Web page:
LETTER: Small tax increase won’t break the bank

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Our mayor has announced a balanced budget and no increase in council tax for the coming financial year in line with her election pledge.

Prior to council tax levels being set, a committee, comprising councillors of all political persuasions, looks at all the options and makes recommendations.

They unanimously recommended a modest 1.99 per cent rise in council tax to the Mansfield part of the bill. On a band A property this would mean a rise of just £2.45 a year (yes, you read it right £2.45 a year) or 4.7 pence per week.

Despite the careful and lengthy deliberations of that cross-party committee, the MIF/UKIP mayor’s executive rejected their findings and decided instead to freeze council tax once again. On top of the freeze, Mansfield Council will lose £5million each year in Government grants and an additional £7m over four years due to the Government’s rent changes under welfare reform.

I would urge anyone with experience of reading and interpreting accounts to go online and look at all the figures for themselves. The picture is not as rosy as the mayor paints it and the financial outlook for the future is not good.

I believe the obsession of successive mayors with freezing council tax has resulted in cuts to services and charges being imposed for things that used to be free, such as brown bins. Sensible increases in council tax will not break the bank – only about a tenth of what we pay goes to Mansfield council anyway. The review of non-statutory services should have residents worried; councils do not have to have leisure centres, swimming baths or parks and open spaces – these are all non-statutory and can be shut or sold off tomorrow (witness Warsop).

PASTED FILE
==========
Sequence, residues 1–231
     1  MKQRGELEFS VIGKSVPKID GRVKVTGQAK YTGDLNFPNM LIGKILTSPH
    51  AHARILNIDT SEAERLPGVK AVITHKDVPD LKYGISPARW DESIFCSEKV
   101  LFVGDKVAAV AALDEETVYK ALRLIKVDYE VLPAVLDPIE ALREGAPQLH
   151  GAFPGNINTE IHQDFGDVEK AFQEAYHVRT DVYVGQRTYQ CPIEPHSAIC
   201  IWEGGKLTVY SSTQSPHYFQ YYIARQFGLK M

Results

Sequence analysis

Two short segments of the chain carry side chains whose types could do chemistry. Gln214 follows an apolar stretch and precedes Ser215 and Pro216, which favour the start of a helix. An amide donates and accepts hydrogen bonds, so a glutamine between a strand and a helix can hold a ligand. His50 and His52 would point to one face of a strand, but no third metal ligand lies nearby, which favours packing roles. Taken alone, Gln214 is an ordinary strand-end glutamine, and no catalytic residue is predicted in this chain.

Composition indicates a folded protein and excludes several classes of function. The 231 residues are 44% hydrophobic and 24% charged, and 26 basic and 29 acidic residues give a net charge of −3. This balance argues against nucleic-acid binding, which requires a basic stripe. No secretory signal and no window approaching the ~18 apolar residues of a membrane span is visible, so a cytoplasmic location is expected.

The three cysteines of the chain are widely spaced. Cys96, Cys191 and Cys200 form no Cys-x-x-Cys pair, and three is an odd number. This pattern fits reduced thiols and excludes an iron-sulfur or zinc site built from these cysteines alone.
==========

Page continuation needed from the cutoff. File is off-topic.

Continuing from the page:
One thing that helps to balance the budget though is the portfolio of properties the council has been and is buying – hotels and gyms in places like Edinburgh, Glasgow and Manchester. I can’t recall reading anything in the mayor’s or any Independent candidate’s election pledge about this. In my view it is stark evidence that they have run Mansfield and district down so much that it is no longer a good bet for anyone to invest in, not even the local authority.

Perhaps they didn’t want us to know that, rather than have faith and invest our money in our district, they would rather play real life Monopoly instead and buy up property elsewhere. Where next - Old Kent Road or Mayfair?

Paul Bradshaw

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